‘Celebrity’ goats thrive on community support

March 12, 2010 at 11:11 pm Leave a comment

Here’s a post from Anna Child,  project coordinator for The Gillings Sustainable Agriculture Project at the University of North Carolina at Chapel Hill. 

I make sure to visit this blog regularly to keep up to date with local food happenings around the area. I wanted to contribute to the wide breadth of topics covered here by guest posting about current research on local foods that incorporates some of the progressive good food happenings in Pittsboro and Chatham County.

I work on the The Gillings Sustainable Agriculture Project, a two-year research grant titled, “Linking Local, Sustainable Farming and Health.” The project is headed by Dr. Alice Ammerman, Professor of Nutrition at UNC’s Gillings School of Global Public Health and Director of the Center for Health Promotion and Disease Prevention. Along with a team of more than 50 researchers comprised of farmers, academics, economic development experts, students and others, Dr. Ammerman is researching sustainable agriculture’s beneficial relationship to public health outcomes, the environment and community economic development.

One aim of the project that we are currently working on intensively is researching the intersection of local food systems and community economic development in eight different counties. Chatham County has been identified as an area with a strong local, sustainable food system (not a big surprise to readers of this blog) that showcases community economic development resulting from their food shed. We’re now in the process of interviewing leaders within organizations, farmers, business owners, agriculture extension agents and others to hear how they believe Chatham’s local food system is playing a role in their economy.

As part of this initiative, a few weeks ago, I headed out to Celebrity Dairy for an interview with owner Brit Pfann. His first few litters for the spring had just been born, and amidst the baas of hungry baby goats, I talked with him about his farming history and his business. Our conversation revolved around what makes the multi-faceted local food system in Chatham work. Again and again, Britt brought up the amazing support network within the county. He spoke about his veterinarian, who has worked with his family to care for their goats for over fifteen years.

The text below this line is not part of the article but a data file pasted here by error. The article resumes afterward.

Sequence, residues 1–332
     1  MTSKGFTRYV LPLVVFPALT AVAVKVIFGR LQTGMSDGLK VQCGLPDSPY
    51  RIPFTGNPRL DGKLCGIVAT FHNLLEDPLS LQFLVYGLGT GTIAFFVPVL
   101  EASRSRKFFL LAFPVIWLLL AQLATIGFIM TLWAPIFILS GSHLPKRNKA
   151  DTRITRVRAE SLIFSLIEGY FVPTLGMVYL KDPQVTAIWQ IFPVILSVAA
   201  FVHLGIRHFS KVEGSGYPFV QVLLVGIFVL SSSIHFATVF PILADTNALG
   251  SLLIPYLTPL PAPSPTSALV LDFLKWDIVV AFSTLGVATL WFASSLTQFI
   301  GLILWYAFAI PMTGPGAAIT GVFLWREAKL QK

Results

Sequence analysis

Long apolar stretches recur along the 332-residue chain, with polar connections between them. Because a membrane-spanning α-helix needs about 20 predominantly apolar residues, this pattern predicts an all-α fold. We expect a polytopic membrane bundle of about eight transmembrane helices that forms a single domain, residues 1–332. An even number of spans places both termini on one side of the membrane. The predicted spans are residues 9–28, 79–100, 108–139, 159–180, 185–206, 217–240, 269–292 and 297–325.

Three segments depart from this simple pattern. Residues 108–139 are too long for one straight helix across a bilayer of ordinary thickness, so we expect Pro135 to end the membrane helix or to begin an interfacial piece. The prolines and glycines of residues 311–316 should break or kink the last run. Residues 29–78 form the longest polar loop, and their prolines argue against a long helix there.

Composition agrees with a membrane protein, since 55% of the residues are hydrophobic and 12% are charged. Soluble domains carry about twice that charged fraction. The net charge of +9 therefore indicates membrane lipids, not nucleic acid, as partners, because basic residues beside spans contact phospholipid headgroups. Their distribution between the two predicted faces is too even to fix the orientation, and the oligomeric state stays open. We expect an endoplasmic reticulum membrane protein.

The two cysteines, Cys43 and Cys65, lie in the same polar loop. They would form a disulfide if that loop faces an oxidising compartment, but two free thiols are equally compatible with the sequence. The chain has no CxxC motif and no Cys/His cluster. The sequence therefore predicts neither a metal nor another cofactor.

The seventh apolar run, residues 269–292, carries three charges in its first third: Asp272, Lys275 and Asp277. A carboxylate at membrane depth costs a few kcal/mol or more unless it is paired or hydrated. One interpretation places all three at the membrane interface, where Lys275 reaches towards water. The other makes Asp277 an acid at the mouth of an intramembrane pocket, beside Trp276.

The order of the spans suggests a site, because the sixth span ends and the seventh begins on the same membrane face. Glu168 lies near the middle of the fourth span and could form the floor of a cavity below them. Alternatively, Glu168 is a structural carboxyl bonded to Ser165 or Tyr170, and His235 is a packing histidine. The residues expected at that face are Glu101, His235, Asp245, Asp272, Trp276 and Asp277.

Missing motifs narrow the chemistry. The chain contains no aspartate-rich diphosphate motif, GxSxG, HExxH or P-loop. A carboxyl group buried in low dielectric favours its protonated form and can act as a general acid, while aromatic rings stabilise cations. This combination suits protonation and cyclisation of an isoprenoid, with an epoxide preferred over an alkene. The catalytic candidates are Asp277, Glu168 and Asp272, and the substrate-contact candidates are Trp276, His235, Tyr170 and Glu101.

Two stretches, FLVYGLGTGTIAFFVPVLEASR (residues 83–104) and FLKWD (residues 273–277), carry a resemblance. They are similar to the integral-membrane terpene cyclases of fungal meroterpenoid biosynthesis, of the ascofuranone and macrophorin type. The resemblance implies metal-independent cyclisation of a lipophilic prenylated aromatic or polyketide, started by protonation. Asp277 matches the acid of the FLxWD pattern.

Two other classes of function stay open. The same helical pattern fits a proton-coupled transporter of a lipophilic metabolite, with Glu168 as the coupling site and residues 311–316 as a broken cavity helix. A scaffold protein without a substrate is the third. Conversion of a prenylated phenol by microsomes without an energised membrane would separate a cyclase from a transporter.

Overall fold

He also  brought up Agricultural Extension Agent Debbie Roos, who holds a position unlike most agents in the country, that allows her to focus solely on sustainable farming and small-scale agriculture. And he emphasized the incredible support of his customers. It was great to meet the man (and the goats) behind the delicious cheese and so much fun to see how sociable little baby goats can be. More than anything, my interview with Britt made me realize just how important a strong community support network is for small farmers in all facets of what they do to bring product to market.

As part of the Gillings Project, the case study that we’re working on will detail this strong community support that is one of the main reasons why the county’s food system has been so successful. The case study can be offered as an example to other communities trying to build their own local food systems and looking to emulate successful models. Emulating something like strong community support isn’t exactly easy, but the study hopes to give readers an idea of what it would take to begin building interest for local foods in their communities. We’ll be wrapping up our case study on Chatham soon, but to learn more about the entire research project, please follow this link.

–Anna will begin a masters program in Health Behavior and Health Education at UNC in the fall.

Entry filed under: Learning, Politics/ Policy, Sustainable Farming. Tags: .

Quote of the week UNC nourishes sustainable local food business

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